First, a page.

A new intensification is reshaping the surface of the planet: human changes to the Earth’s climate, land, oceans and biosphere are now so great and so rapid that the thesis of a new geological epoch defined by the actions of humans – the Anthropocene – is now being widely debated and articulated. This thesis is developing across a number of circuits, institutions, organisations, scientific and intellectual fields, all of which are equally affected by this unfolding discourse, as much as the environments in which they act.
Operating as an observatory, a composition of documentary practices and discourses, the project traces the formation of the Anthropocene thesis. Beginning in 2013, the project combines film, photography, documentation, interviews, spatial analysis and fieldwork to form an archive and a series of installations, seminars, debates and cultural interventions.
Across a number of specific international agencies and organisations, information about scientific research is acquired, registered, evaluated, processed, stored, archived, organised and re-distributed. These behind-the-scenes processes and practices, that lead to the equally complex decision making procedures, form new discourses and figures of shift. The Anthropocene Observatory documents these practices in a series of short films, interviews and documentary materials: aim of the project is to illustrate in detail the unfolding of the thesis of the Anthropocene in its many streams of influence.
Anthropocene Observatory is a project by Territorial Agency (John Palmesino and Ann-Sofi Rönnskog), Armin Linke and Anselm Franke. Produced by HKW Haus der Kulturen der Welt.
© Anthropocene Observatory
IIASA International Institute for Applied Systems Analysis
“Is it possible that humans are becoming a force which is comparable to a geological force? We put up this hypothesis. Since then, it has become a quite common approach in the investigations into the earth system. If humans are already comparable in terms of intensity and long lasting impact of their interaction with the earth system, to geological forces and planetary forces acting over millions of years, it’s still something which needs to be finally quantified. We believe that in the timescale of centuries and millennia, this is definitely the case.”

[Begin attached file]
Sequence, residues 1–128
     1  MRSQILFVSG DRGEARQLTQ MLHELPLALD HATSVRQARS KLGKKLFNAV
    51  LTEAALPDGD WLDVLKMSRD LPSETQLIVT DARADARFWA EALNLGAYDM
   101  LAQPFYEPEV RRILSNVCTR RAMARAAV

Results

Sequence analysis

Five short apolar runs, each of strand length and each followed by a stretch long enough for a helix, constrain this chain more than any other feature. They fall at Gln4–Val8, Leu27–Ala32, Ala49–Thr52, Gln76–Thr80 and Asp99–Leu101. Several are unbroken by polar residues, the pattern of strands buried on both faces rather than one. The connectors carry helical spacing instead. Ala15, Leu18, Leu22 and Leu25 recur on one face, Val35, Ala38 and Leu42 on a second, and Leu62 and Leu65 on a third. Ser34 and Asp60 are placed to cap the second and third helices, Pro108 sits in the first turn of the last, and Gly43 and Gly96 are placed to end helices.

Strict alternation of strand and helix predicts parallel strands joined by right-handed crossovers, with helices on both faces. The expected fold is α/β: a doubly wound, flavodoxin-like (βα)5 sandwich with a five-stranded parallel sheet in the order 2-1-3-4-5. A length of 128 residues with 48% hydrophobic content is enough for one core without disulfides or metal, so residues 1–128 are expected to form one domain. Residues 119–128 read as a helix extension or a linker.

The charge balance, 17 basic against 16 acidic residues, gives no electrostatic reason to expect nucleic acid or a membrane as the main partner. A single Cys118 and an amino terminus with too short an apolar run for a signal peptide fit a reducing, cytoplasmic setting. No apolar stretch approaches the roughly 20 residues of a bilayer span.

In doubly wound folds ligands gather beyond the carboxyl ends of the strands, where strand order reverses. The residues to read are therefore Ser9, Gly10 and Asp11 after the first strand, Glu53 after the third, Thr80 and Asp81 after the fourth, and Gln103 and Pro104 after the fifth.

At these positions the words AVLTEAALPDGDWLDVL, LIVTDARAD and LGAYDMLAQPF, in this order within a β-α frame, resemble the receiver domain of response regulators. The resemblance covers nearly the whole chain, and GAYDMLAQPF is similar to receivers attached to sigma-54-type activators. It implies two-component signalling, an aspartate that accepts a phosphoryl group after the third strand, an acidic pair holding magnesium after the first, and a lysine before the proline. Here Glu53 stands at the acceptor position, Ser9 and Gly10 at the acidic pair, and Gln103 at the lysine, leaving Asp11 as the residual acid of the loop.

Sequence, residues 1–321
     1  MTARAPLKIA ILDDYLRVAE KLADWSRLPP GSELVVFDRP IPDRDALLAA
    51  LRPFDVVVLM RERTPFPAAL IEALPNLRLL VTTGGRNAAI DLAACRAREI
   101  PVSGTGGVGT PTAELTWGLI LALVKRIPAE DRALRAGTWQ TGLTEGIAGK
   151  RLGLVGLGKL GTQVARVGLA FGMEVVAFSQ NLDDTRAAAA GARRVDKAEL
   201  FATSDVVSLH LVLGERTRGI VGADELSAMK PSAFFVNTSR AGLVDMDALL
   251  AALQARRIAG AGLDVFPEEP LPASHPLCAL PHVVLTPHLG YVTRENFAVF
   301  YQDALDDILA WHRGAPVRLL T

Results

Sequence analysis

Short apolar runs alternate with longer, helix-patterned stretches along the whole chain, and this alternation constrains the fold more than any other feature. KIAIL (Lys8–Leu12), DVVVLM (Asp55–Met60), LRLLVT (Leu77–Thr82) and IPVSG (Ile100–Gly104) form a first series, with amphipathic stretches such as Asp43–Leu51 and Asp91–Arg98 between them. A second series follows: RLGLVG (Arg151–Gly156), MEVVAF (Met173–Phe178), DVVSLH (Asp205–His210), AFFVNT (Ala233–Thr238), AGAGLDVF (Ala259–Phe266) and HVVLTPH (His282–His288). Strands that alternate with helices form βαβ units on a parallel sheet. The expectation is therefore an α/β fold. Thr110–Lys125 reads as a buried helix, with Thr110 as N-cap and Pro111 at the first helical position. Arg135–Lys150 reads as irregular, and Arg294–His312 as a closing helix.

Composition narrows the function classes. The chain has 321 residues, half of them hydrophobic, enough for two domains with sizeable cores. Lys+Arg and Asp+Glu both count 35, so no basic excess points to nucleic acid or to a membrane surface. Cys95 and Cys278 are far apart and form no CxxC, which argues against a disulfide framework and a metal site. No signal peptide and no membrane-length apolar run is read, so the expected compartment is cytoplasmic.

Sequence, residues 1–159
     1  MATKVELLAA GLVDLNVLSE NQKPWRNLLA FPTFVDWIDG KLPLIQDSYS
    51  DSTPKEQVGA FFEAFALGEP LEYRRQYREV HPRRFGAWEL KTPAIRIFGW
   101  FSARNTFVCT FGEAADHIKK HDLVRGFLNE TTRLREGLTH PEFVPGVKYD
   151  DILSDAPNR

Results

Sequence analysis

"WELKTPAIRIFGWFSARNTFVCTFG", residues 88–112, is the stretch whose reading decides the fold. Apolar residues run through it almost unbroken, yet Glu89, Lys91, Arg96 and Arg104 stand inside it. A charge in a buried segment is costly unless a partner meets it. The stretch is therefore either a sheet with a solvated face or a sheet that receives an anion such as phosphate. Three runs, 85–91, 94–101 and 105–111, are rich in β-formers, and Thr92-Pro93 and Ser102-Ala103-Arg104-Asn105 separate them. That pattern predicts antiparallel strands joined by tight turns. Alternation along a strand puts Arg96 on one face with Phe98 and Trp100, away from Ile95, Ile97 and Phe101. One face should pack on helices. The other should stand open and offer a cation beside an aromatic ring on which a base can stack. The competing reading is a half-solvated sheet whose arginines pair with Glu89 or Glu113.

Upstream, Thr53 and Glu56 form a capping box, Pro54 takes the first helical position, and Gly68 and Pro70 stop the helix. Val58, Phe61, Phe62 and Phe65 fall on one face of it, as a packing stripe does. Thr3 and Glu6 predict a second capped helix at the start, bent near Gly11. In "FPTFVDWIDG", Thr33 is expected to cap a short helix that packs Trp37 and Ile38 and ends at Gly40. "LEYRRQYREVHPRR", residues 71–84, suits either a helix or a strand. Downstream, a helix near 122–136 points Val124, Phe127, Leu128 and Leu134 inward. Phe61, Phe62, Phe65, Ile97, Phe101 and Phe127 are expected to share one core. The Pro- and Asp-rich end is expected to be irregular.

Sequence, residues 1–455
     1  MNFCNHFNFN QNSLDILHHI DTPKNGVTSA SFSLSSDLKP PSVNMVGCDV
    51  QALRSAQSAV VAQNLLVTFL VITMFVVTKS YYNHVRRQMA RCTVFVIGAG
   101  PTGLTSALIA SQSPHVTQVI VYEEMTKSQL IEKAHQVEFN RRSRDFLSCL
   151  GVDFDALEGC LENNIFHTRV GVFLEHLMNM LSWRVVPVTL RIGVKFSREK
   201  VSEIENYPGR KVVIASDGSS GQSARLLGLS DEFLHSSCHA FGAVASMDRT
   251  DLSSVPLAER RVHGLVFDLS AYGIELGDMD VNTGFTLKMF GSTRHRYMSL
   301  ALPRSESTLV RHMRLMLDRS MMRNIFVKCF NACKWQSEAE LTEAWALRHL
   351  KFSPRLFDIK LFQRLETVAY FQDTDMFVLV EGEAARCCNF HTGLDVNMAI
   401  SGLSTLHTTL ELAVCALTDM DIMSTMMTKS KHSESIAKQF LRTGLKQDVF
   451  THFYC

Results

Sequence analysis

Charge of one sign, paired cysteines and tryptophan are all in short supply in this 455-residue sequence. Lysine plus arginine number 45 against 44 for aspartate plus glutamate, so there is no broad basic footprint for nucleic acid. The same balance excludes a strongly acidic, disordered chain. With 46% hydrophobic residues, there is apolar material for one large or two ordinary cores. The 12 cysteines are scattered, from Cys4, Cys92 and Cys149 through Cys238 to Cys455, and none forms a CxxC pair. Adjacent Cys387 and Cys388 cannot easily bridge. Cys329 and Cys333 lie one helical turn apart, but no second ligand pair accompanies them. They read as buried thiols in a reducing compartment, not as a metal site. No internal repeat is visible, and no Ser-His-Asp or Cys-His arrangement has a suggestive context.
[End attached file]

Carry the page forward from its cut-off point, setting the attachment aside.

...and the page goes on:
BGS, British Geological Survey, National Geological Repository
“We were the first survey in the world to recognise that artificial deposits are geology. They’re not just archaeology. Quite a significant part of my work is trying to map the distribution of artificial deposits and understanding how they formed and how to classify them. I’ve developed a general interest in the nature of artificial deposits and, from that, an interest in the Anthropocene. […] If you do a rough calculation, it suggests that about ten times more sediment is being moved around on the earth’s surface by humans than what is being transported around all the rivers in the world. […] That really means that really is now one of the principal geological factors for the movement of sediment, more than rivers. It’s the first time we have had this major change in geological processes.”
IIASA International Institute for Applied System Analysis and TU Wien
“I think what’s really fundamentally different about the Anthropocene is the acute awareness of the fact that it will probably take a few decades before we cause absolutely irreversible changes. Maybe even a hundred years in some areas, and yet we know that we have to act now. I think that is fundamentally different. We have a “beyond-personal” experience type of development that we have to anticipate that it is global. It affects the whole planet. It is no longer local.”
The first episode outlines the connections and wide-reaching Anthropocene thesis in the practices of policy making, planning, decision making and scientific practices. The episode traces two parallel lines of co-development: on one side the re-composition of post World-War 2 sovereignties and polities, with the long rise of the international space and decolonisation processes; on the other side, the wide re-organisation of infrastructures, cities, networks and procedures of measurement and planning.
From the formation of the United Nations, from Cold-War Game Theory to the works on World-Game of architect Buckminster Fuller, from the scientific approach to human settlement planning of Constantinos Doxiadis, to the interactionist anthropological studies of Margaret Mead, the first episode traces the complex development of the relation between politics, science, planning, humanities and the arts.
Interviews to members of the IPCC Intergovernmental Panel on Climate Change and the WMO World Meteorological Organisation, to philosopher Bruno Latour and historian Paul N. Edwards, are assembled together with documents of ongoing climate research in the Antarctic, with historical documentation about the development of the complex knowledge production processes on climate change.